Hybrid vehicles are too quiet, says city man
Brantford Expositor, Nov. 26, 2008
Setting out from their Buchanan Crescent townhouse for a morning jaunt, Bob
Brown and his guide dog, Boone, set a good pace.
It’s more like a power walk than a stroll and they work as a team, moving
easily around their neighbourhood.
“Brantford’s pretty good, pretty accessible,” the 33-year-old visually
impaired man said. “We can get up to Williams for coffee if we want and
I can go up to the (Lynden Park) Mall for groceries and back no problem.
“Sometimes I use public transit or the heel-toe express. It depends on
He enjoys his independence and mobility. But he worries they will be
threatened by the growing popularity of hybrid vehicles, which run on
gasoline and a rechargeable battery. In battery mode, they are quiet.
Hybrids may be good for the environment but they are not so good for the
blind and visually impaired, said Brown.
“When I’m walking on a sidewalk, I depend on my guide dog and my ability
to hear traffic,” he said.
“If I can’t hear a car coming, if it’s backing out of a driveway I won’t
hear it until it’s too late.
“I already know what it’s like to get hit by a car and I don’t want to
ever have that feeling again.”
He can’t go into details about his ac- accident, which happened almost two
years ago. But the experience of being hurt and losing his guide dog is
enough to compel him to sound the alarm over hybrid vehicles.
He wants the automakers to come up with a way of making the vehicles loud
enough so they can be heard by all pedestrians. And if the car companies
won’t do it voluntarily, Brown said he thinks the government should force
this issue through legislation.
“There is some work going on in the United States on this and I think
a couple of states are in the process of trying to come up with some
regulations, some standards.
“I don’t know if there is much happening here in Canada. I think they’re
taking a kind of a wait-and-see approach.”
Brown has been visually impaired since he was about seven. His impairment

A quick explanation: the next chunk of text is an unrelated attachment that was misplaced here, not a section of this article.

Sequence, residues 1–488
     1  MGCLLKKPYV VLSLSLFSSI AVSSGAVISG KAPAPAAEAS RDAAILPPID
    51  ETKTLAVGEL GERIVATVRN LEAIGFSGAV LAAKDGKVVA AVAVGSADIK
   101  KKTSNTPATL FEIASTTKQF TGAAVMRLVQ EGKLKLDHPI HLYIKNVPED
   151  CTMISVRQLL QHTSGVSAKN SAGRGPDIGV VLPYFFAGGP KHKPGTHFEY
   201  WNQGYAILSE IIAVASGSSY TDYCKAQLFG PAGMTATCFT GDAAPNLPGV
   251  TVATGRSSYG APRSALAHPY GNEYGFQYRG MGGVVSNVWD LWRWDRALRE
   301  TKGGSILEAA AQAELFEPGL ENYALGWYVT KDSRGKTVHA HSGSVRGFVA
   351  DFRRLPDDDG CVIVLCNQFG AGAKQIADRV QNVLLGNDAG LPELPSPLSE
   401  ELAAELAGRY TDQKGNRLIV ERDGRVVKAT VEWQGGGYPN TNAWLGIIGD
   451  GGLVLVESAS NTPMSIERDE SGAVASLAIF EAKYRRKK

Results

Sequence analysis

was caused by retinitis pigmentosa, a degenerative disorder of the retina
that, over time, causes severe vision loss.
Brown isn’t the only one raising concerns about hybrid vehicles.
John Rae, the first vice-president of the Alliance for Equality of Blind
Canadians, called hybrid vehicles a ‘major’ safety concern for all
pedestrians, not just blind and visually impaired people.
Joggers and walkers wearing headphones are all vulnerable because of the
quietness of hybrid vehicles.
“We recognize the importance of saving the environment,” Rae said.
“But we don’t see this as an either-or issue.
“We think vehicles can be good for the environment as well as safe.”
He’s calling on the various levels of government to force the auto industry
to come up with a way of making the vehicles safe enough for pedestrians.
Now, with the auto industry looking for taxpayer bailouts to keep it afloat,
is the perfect time for the government to get car makers to address the
“We’d like them (the automakers) to do it voluntarily but if they don’t
we think the government should step in and force them,” Rae said. “So
far we haven’t received much of a response from the auto industry.”
Toyota is one of the industry leaders in developing hybrid vehicles and is
the manufacturer of the Toyota Prius, one of the most popular and
recognizable of hybrid vehicles.
Rae thinks Toyota is a company that could set the standard for other
companies to follow.
Nicole Grant, of Toyota Canada’s public relations office, said Toyota is
always looking for ways to improve public safety, as well as improvements to
Toyota seeks to maintain a balance between those concerns as well as other
societal issues such as noise pollution and environmental concerns.
“We’re always working towards that balance and public safety is at the
top of our list of concerns,” she said.
Reproduced from http://www.brantfordexpositor.ca/ArticleDisplay.aspx?e=1315898